It began as a joke to embellish my tomboy-ness about 5 years ago. First with a flippant “I’m never having kids,” while passing an ill-tempered child in public. After a few refrains, my friends doubted me, and I modified: “Fine, but definitely not a girl—Little girls are the devil.”
My obnoxious mantras continued to churn, with more than a few eyerolls, to solidify into a fully-fledged life plan for parenthood. The more I recount the plan, the stronger I buy-in to it, and the closer it moves to fruition. Here it is—
I’m going to adopt a 6-year-old boy. No, really. I’m doing it. “Why,” you ask? The benefits are great. Consider that by jumping into parenthood with a 6-year-old, you can:
- Avoid pregnancy, childbirth and all related plagues of that bitch, Eve.
- Ensure gender
- Pick a cute one
- Administer personality and/or IQ tests, if necessary
- Send him to school full-time
- Evade career-limiting maternity leave
- Have a walking, talking, potty-trained child
- Delay parenthood for six years, and jump-in on a “normal” timeline
- Have an adult child to entertain you and care for you when you’re retired and bored
At this point, whatever aghast listeners I am selling usually nod reluctantly to acknowledge the validity of at least some of my argument. Thinking that I surely have not thought this through, they ask follow-up questions hoping to crumble a house of cards. They’re very wrong. Examples:
Q: But you don’t really want to miss those adorable baby and toddler years, do you?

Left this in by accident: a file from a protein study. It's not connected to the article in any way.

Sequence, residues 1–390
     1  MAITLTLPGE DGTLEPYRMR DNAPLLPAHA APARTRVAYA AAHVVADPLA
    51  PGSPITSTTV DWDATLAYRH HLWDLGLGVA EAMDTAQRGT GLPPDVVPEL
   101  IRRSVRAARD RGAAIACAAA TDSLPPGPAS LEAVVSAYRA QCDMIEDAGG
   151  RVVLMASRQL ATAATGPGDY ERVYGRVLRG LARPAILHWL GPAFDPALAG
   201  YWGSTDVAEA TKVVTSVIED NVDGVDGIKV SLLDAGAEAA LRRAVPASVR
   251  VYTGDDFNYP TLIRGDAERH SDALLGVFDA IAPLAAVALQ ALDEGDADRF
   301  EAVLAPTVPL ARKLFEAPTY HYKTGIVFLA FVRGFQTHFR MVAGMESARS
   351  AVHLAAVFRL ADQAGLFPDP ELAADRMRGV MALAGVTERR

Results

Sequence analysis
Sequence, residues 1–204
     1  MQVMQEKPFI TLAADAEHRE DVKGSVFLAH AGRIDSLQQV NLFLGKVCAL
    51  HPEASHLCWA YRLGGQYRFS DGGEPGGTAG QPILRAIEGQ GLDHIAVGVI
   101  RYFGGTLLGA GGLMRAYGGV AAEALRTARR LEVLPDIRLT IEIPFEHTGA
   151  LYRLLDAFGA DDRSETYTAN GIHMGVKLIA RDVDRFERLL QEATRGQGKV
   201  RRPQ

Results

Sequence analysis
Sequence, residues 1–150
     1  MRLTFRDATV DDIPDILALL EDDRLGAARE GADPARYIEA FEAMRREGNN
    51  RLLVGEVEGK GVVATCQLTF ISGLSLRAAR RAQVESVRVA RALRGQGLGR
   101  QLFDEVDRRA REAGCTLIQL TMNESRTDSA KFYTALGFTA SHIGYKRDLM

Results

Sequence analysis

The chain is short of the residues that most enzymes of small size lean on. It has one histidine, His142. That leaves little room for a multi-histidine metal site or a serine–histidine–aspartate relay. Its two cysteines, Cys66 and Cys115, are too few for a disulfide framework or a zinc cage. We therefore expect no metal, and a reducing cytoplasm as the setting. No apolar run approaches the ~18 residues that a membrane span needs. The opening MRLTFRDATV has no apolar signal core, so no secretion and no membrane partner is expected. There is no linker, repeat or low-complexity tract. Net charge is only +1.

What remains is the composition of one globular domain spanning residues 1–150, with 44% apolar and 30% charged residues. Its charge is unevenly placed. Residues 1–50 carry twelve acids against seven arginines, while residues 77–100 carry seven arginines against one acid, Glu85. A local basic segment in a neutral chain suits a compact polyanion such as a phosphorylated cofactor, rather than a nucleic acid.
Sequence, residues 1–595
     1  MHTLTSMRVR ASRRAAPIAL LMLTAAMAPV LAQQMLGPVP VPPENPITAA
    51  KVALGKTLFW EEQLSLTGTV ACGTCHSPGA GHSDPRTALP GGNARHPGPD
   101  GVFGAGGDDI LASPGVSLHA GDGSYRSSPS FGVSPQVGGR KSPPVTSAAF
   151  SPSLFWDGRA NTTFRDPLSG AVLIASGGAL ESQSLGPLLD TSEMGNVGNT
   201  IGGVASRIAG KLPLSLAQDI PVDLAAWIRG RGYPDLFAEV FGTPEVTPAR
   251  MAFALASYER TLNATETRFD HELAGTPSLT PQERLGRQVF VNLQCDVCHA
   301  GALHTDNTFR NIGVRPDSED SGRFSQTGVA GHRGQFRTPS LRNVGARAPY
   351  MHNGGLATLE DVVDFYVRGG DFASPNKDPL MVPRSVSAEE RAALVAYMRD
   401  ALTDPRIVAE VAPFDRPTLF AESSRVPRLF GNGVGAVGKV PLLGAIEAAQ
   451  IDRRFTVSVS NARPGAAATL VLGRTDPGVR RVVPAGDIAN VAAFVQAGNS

A: Yes, I do. They are only adorable when you can give them back so they don’t vomit on you and scream in your ear all night. At least when a 6-year-old screams, he can communicate what’s wrong.
Q: Wouldn’t you be nervous about emotional or developmental challenges that might come with adopting a child that old?
A: As already stated—A child that old is relatable with a defined, assessable personality. Best-case scenario involves some sort of return policy written into the adoption contract that I never have to use. Worst case scenario will be my nanny’s or stay-at-home-husband’s challenge. I will not be the primary caregiver, given my goals to build a successful career and have a life. And, all else failing, there’s always boarding school…which is decidedly less harsh when he’s not technically even my child, anyway.
See? I said it was thought-through. Read it a few more times and notice how the plan becomes increasingly attractive. I’ve since moved to bartering for my pregnant friends’ unborn children. I figure, if they haven’t met the kid yet, I’m more likely to convince them to keep it for only six years, incubating in a safe, socializing family environment—Perfect!